“Although expensive, the second-gen Moto 360 brings forth a classy design, good performance and decent battery life”
Google introduced its wearable-centric platform Android Wear in May last year, and partnered with a handful of hardware manufacturers. Within less than a year and a half, the market is filled with Android Wear-powered smartwatches from several brands, spanning across price bands. You can get the Alcatel One Touch Watch for as low as Rs 7,999, and prices go all the way up to Rs 20,990 if you want to splurge on the LG Watch Urbane (first impressions). The period also saw the entry of Apple in the wearable space with the Watch, which is available in the upper-end segment with the price tag of Rs 30,900.
Amidst all these options, the original Moto 360 (first impressions) from Motorola has been able to stand out with its focus on the design aspect. Now, the brand is back with a sequel, which doesn’t seem to be much different from the first-gen device. But dig deeper, and you’ll find several useful upgrades. Let’s talk all that and much more in our review.
With the new Moto 360, Motorola seems to be bringing the customisation aspect from its smartphones to smartwatches as well. Its phones in the Moto X range could be purchased with different back panels, and in fact, users in the US can also choose colours of accents, etc. The feature dubbed as Moto Maker, is also available for the Moto 360 in the US, but sadly it’s not available in India.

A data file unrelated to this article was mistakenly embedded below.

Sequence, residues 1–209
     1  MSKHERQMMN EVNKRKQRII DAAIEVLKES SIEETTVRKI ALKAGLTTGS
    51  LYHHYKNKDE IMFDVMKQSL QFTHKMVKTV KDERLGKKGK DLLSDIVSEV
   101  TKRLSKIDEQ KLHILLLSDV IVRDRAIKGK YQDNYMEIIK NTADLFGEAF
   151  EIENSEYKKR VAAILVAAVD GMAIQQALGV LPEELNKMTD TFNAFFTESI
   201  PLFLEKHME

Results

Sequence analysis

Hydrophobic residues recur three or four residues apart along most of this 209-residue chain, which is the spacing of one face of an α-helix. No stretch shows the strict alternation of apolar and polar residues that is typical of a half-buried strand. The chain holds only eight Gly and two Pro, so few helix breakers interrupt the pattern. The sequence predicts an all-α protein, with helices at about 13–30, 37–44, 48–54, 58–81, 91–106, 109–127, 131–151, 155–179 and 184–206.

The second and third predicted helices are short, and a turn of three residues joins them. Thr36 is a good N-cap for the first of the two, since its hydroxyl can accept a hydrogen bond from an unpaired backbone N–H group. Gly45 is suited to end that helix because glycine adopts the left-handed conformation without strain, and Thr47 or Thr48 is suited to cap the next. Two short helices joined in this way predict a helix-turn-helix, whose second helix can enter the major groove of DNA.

However that doesn’t mean that the Indian consumers don’t get any choices. The second-gen Moto 360 (first impressions) can be purchased in two sizes, with choice of two different straps between metal and leather, and users can also choose strap colours for the leather model. Unlike the previous Moto 360, which was only available with a 46mm dial, its successor is available with dial size of either 42mm or 46mm, with the former being an ideal choice for women. Not just the dial size, the watches also differ with the width of the straps. In all, the watch can be purchased in five versions, with the costliest being the 46mm dial with a metal band.
The unit we’re reviewing offers a 42mm dial with a brown leather strap, which looks quite stylish. It wraps around the wrist nicely and can be worn comfortably for the whole day.
Other than the difference in size, the models are very similar, though their weight varies. Their thickness is almost the same too.